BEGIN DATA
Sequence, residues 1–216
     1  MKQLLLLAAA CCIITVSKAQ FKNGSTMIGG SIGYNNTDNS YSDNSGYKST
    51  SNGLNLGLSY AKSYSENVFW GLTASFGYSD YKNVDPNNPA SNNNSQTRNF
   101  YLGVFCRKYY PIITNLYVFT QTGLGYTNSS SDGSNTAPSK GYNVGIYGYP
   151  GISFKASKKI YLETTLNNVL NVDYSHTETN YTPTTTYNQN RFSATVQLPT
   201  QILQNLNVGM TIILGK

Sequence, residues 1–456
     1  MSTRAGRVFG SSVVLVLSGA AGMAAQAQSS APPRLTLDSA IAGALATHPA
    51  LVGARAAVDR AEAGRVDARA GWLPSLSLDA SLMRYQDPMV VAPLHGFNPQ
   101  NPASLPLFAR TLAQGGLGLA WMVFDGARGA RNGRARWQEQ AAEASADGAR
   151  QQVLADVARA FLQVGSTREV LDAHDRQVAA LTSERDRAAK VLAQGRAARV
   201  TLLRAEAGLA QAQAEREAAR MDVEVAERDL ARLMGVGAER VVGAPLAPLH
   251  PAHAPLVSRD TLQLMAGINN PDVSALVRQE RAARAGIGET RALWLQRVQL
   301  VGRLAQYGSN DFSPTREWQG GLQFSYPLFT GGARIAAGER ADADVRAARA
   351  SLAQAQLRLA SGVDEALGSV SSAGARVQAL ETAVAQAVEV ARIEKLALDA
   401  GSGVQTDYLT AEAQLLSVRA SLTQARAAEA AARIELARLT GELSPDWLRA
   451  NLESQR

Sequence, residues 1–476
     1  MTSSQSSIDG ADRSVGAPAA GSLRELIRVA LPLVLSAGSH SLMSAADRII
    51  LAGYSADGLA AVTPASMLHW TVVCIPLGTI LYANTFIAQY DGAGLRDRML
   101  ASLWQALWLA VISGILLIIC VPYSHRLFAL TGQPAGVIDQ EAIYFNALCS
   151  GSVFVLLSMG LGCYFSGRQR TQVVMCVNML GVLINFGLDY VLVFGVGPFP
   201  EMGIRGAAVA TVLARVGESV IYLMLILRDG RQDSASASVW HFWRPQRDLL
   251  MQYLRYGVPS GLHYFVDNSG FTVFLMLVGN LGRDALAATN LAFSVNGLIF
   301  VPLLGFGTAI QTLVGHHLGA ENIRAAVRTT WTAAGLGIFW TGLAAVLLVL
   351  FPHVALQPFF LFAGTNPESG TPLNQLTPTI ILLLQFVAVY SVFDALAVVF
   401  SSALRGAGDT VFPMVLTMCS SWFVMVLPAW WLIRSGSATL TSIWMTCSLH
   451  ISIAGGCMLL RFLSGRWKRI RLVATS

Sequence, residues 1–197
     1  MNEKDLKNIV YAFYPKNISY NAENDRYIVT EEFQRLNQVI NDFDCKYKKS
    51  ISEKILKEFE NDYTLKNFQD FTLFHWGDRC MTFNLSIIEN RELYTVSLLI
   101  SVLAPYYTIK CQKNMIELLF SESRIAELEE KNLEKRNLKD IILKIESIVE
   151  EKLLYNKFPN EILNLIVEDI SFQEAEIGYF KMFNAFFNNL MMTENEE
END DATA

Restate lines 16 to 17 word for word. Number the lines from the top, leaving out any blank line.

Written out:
   401  GSGVQTDYLT AEAQLLSVRA SLTQARAAEA AARIELARLT GELSPDWLRA
   451  NLESQR